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Editors / PropertyGrid interop features coming in WPF Studio v5.0

We are working hard to get WPF Studio 5.0 released, which includes our new Editors for WPF product. By themselves, the controls provided by Editors for WPF are extremely useful, but we also wanted to make them easy to integrate into our PropertyGrid for WPF product. In order to keep both products segregated, we created an interop assembly that ties the two products together. This allows each product to be sold separately, while still providing reusable code and samples for customers who own both products.


A PropertyGrid with various Editors controls included

Interop Functionality

The PropertyGrid uses "property editors" to tie a properties to controls, by property name and/or property type. For example, you can tell the PropertyGrid that all properties of the type DateTime should use MyControlA and all properties of the type String should use MyControlB. This gives you a lot of control over what control is used for the various properties. In reality, the "control" is actually a DataTemplate since it will most likely be used multiple times.

The Editors/PropertyGrid Interop assembly provides several configurable property editors that utilize controls from Editors for WPF and can be quickly "dropped-in" to a PropertyGrid. There is a property editor for each of the following controls:

  • BrushEditBox
  • ColorEditBox
  • DateTimeEditBox
  • DoubleEditBox
  • GuidEditBox
  • Int32EditBox
  • Int32RectEditBox
  • MaskedTextBox
  • PointEditBox
  • RectEditBox
  • SizeEditBox
  • VectorEditBox

Each control has at least one associated property editor in the Editors/PropertyGrid Interop product. With the exception of the MaskedTextBox property editor, the property editors will automatically specify the associated type (e.g. BrushEditBox will associated with the Brush type), but you can always customize this behavior. Additionally, any value type controls (e.g. ColorEditBox, DateTimeEditBox, etc) also have a property editor for their associated nullable-type. For example, there is a ColorValuePropertyEditor for the Color type as well as a NullableColorValuePropertyEditor for the Color? type, both of which leverage the ColorEditBox.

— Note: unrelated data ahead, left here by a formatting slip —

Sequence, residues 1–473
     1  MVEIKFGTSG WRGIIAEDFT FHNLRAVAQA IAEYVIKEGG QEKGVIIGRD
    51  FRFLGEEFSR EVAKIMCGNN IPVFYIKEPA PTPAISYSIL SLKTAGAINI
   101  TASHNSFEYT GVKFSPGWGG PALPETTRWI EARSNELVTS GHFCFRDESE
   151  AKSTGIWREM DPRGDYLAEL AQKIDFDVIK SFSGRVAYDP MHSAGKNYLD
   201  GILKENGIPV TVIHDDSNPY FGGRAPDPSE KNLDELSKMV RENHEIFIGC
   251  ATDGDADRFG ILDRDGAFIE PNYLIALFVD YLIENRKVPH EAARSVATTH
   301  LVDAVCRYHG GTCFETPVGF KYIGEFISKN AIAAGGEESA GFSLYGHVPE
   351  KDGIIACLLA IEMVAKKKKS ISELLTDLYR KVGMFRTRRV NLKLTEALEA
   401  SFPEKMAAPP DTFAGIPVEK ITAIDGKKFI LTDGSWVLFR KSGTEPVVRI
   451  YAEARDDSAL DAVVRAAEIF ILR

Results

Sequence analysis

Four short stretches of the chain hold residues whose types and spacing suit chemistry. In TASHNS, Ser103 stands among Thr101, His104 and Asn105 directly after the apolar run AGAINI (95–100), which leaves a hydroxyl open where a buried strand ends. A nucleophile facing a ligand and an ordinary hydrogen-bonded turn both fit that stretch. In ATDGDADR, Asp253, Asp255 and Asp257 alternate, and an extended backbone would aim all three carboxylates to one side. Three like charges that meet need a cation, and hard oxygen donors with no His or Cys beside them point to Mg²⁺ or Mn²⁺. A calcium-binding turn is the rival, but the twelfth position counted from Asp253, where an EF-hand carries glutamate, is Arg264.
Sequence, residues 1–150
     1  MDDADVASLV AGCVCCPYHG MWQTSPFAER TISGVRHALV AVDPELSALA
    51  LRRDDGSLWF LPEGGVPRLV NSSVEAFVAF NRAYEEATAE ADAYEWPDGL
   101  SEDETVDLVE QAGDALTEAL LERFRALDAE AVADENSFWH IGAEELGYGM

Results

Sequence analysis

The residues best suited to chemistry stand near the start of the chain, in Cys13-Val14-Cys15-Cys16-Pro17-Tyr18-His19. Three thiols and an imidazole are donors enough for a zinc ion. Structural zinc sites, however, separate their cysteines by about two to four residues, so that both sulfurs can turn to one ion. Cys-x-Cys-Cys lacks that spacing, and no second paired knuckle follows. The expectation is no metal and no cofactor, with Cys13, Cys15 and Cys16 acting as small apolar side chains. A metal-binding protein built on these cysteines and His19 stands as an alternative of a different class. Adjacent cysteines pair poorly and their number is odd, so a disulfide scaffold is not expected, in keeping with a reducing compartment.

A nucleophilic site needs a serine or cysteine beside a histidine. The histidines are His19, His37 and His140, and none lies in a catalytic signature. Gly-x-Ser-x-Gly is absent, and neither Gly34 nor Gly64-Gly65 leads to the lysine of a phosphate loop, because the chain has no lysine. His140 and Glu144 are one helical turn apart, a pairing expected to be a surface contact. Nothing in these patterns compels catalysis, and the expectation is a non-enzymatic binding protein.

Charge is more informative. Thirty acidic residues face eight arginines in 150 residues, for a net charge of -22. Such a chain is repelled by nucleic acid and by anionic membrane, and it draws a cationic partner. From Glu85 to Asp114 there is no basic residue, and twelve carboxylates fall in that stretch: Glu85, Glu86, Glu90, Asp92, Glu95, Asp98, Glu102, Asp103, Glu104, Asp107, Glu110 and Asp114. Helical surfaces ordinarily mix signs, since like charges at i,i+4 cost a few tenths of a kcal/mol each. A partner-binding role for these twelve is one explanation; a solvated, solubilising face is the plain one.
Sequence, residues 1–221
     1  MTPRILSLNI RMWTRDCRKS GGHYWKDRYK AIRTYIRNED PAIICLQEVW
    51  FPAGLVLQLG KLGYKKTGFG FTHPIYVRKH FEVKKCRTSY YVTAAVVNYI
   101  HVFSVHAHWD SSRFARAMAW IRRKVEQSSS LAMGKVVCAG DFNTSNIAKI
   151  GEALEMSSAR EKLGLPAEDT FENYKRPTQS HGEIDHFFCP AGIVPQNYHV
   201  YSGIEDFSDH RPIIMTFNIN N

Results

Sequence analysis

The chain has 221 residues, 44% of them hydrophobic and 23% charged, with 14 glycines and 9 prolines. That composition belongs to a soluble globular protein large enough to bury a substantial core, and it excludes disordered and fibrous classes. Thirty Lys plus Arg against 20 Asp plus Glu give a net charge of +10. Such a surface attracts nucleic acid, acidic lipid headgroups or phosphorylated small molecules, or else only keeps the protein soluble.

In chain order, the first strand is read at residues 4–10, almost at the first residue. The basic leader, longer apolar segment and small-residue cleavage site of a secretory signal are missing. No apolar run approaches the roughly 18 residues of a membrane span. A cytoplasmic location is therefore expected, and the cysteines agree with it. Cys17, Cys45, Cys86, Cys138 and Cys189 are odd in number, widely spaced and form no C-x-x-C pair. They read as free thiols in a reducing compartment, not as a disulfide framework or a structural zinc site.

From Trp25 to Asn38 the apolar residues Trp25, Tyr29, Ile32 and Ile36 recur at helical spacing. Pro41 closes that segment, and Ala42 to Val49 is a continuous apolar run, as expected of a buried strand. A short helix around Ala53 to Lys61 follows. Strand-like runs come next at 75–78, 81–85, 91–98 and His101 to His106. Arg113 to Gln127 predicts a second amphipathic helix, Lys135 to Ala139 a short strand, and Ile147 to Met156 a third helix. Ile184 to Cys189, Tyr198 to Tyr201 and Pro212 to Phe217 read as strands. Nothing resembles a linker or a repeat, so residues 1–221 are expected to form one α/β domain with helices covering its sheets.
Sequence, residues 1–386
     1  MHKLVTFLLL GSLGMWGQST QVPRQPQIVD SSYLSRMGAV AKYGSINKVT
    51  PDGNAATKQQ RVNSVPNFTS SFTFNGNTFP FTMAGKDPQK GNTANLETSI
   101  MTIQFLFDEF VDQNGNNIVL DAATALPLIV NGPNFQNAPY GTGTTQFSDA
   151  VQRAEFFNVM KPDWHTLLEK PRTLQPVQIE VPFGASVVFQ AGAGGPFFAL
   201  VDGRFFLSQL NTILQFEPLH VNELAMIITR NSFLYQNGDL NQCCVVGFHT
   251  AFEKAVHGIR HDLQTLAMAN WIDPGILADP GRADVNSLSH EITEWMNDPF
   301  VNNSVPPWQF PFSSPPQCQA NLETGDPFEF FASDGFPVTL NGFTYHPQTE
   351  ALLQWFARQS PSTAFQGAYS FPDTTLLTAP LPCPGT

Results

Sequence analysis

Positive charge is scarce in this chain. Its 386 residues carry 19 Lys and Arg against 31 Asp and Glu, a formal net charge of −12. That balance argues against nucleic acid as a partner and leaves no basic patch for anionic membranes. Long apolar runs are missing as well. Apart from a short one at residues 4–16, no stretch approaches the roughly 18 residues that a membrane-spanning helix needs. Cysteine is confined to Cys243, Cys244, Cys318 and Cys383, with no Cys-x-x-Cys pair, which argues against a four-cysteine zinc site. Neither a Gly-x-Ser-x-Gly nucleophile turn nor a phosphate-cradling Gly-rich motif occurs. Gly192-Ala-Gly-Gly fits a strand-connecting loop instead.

Each property editors exposes some of the more common settings available on their associated control. For example, the MaskedTextBoxPropertyEditor has a Mask property that allows you to set the associated Mask on the underlying MaskedTextBox. Remember that the controls are defined using a DataTemplate, so normally you don't have easy access to their settings. Using the settings available on the property editor, you can quickly configure the underlying controls and/or dynamically update their settings. Additionally, you can reuse a single property editor for different properties. For example, you can define two instances MaskedTextBoxPropertyEditor each with a unique mask and each mapped to different property types. This is something you couldn't easy do before with static DataTemplates.

We've included a demo in our Sample Browser that shows how to use the Editors/PropertyGrid Interop product.

Custom Property Editors

As before, you can also build your own property editors using the controls in the new Editors for WPF framework. You can also extend and customize the property editors provided by the Editors/PropertyGrid Interop product, giving you total control over how things look and feel.

We've also included a demo in our Sample Browser that shows how to extend the Editors/PropertyGrid Interop product and build a custom property editor.


The Editors/PropertyGrid Interop product will make integrating the new the Editors for WPF product into our PropertyGrid much simpler.

Filed under: Actipro, In development, WPF

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